Egypt to announce major archaeological discovery in Saqqara

An Egyptian archaelogical laborer is seen walking near deities in a newly discovered tomb at Saqqara necropolis, on Saturday. (AFP)
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Updated 06 September 2020

Egypt to announce major archaeological discovery in Saqqara

  • None of the coffins are thought to belong to important historical figures

CAIRO: Egypt is preparing to announce its largest archaeological discovery in recent memory, which includes wooden and gold coffins, with much of their original colour preserved.

Sources at the Egyptian Ministry of Tourism and Antiquities said that the Supreme Council of Antiquities working in the Saqqara archaeological area discovered a new major archaeological cache.

The discovery includes human and animal burials, a group of shabti statues and statues of the gods Isis, Nephthys and Horus, in addition to masks and canopic vessels that belong to the late age.

Sources told local websites that about 50 coffins had been discovered so far, but that number is expected to double during the excavations.

None of the coffins are thought to belong to important historical figures, and work continues on identifying who was buried in the coffins.

The sources said that the  discovery would be announced during the next few days.

The archaeological area of Saqqara, an ancient burial ground in the governorate of Giza, has witnessed many archaeological discoveries in recent years. The most important of these was the discovery of the Tomb of Wahty and the sacred cache of animals and birds, in which a large number of animal mummies were found.

Sources revealed to Al-Watan, the local newspaper, that the discovery of the animal cemetery, which began in April 2018, continued till April 2020. It was on World Heritage Day, April 18 this year that a well measuring about 120 x 90 cm and a depth of about 11 meters was discovered.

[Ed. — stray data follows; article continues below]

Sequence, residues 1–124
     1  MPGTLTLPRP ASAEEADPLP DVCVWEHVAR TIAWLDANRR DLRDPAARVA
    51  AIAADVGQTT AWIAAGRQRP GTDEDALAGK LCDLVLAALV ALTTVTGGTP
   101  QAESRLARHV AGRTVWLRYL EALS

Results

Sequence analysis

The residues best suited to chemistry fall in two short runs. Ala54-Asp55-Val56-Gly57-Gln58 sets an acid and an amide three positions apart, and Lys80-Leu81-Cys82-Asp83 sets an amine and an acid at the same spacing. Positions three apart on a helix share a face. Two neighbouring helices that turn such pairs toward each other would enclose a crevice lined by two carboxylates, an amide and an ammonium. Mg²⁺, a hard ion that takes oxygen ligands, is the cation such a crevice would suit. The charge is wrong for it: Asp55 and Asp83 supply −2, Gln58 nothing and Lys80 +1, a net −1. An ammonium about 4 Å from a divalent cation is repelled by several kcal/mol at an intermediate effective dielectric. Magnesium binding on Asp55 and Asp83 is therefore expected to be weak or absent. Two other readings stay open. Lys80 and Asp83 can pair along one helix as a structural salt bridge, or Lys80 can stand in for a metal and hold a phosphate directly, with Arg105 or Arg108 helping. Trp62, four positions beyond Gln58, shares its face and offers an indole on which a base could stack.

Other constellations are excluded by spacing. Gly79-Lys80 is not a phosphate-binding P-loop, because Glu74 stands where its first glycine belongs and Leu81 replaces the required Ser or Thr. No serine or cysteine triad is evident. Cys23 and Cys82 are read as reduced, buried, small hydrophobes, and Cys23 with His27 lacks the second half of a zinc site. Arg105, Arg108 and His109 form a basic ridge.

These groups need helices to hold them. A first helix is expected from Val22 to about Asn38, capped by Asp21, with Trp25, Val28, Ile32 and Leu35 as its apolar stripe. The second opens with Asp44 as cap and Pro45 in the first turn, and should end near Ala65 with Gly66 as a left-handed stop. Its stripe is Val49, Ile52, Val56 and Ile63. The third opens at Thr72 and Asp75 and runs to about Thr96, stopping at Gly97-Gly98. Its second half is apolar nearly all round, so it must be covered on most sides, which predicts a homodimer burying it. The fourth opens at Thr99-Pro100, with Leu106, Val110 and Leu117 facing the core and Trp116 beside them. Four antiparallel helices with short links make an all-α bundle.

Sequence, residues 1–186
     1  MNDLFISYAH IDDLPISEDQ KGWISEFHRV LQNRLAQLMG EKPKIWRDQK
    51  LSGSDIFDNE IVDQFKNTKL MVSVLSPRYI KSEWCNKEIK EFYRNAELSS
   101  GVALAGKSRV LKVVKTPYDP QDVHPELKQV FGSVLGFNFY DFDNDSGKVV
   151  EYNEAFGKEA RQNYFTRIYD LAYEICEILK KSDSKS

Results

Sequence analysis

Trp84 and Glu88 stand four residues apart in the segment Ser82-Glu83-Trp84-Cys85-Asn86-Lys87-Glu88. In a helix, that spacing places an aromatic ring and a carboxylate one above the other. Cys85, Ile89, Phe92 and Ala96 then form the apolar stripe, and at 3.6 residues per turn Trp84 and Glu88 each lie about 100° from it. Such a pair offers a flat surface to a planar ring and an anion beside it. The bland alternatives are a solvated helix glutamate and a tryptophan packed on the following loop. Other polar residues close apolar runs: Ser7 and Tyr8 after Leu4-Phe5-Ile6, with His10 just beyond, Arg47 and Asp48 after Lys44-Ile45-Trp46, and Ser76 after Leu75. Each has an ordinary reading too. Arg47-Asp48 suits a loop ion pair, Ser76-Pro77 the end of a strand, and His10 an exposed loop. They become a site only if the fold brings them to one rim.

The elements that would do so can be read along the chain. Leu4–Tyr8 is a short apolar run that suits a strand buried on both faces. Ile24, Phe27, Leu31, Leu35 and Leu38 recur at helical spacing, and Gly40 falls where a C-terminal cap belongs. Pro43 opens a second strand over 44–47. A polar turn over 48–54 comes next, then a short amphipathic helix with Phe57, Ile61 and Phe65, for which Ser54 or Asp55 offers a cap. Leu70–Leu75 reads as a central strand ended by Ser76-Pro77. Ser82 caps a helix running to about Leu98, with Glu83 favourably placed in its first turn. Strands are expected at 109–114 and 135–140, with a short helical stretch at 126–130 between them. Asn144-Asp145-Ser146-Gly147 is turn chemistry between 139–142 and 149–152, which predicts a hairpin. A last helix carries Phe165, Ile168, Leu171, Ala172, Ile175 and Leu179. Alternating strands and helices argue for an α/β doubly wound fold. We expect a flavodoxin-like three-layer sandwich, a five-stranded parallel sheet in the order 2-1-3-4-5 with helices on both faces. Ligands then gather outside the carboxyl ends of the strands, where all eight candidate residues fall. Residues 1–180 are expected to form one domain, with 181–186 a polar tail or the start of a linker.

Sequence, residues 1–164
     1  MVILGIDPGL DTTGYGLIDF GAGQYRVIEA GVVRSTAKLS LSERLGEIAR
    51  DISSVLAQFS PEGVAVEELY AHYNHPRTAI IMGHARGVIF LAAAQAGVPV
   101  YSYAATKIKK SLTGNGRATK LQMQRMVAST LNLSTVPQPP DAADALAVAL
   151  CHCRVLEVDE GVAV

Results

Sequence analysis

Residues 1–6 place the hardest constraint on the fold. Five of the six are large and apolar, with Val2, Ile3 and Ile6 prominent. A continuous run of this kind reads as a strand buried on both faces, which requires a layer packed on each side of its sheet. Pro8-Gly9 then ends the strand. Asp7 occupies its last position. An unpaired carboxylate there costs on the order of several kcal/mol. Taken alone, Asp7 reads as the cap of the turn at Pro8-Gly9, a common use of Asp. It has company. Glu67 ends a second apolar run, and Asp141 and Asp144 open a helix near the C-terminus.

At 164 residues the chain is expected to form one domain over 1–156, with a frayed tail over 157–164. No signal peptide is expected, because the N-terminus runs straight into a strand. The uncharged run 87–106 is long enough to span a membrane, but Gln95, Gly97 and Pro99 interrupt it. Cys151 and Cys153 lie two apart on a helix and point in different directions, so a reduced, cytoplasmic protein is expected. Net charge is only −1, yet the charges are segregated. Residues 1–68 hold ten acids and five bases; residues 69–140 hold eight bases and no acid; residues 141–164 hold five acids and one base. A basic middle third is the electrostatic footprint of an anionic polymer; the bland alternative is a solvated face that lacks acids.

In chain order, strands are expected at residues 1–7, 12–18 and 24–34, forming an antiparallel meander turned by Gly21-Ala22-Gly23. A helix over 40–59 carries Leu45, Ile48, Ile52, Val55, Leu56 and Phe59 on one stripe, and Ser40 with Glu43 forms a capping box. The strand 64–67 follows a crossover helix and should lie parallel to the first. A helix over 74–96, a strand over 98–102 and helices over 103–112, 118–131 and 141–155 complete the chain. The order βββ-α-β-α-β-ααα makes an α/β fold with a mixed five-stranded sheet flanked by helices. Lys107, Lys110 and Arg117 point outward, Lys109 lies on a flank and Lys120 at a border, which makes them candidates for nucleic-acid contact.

Towards the end of 2019 the Egyptian archaeological mission working in the region discovered a cache of mummies of animals and sacred birds, including five mummies of large cats, which preliminary studies suggested could be small lions.

International news agencies circulated the discovery, saying that the  animals resembled the Sphinx.


Lebanon sets out its claim in maritime border talks

Updated 29 October 2020

Lebanon sets out its claim in maritime border talks

  • A military source told Arab News: “The Lebanese side considers that Israel, through the border line it drew for itself, is eating into huge areas of Lebanese economic waters.”

BEIRUT: Lebanese negotiators laid out their claim to maritime territory on Wednesday as they began a second round of talks with Israel over their disputed sea border.
The contested zone in the Mediterranean is an estimated 860 square kilometers known as Block 9, which is rich in oil and gas. Future negotiations will also tackle the countries’ land border.
Wednesday’s meeting took place at the headquarters of the UN Interim Force in Lebanon (UNIFIL) amid tight security. An assistant of the UN special coordinator for Lebanon chaired the session, and the US Ambassador to Algeria, John Desrocher, was the mediator.
A military source told Arab News: “The Lebanese side considers that Israel, through the border line it drew for itself, is eating into huge areas of Lebanese economic waters.”
The Lebanese delegation produced maps and documents to support their claim to the disputed waters.
In indirect talks between Lebanon and Israel in 2012, US diplomat Frederick Hoff proposed “a middle line for the maritime borders, whereby Lebanon would get 58 percent of the disputed area and Israel would be given the remaining 42 percent, which translates to 500 square kilometers for Lebanon and 300 square kilometers for Israel.”
On the eve of Wednesday’s meeting, Lebanese and Israeli officials met to discuss a framework to resolve the conflict through the implementation of UN Resolution 1701.
UNIFIL Commander Maj. Gen. Stefano Del Col praised the “constructive role that both parties played in calming tensions along the Blue Line” and stressed the necessity of “taking proactive measures and making a change in the prevailing dynamics regarding tension and escalation.”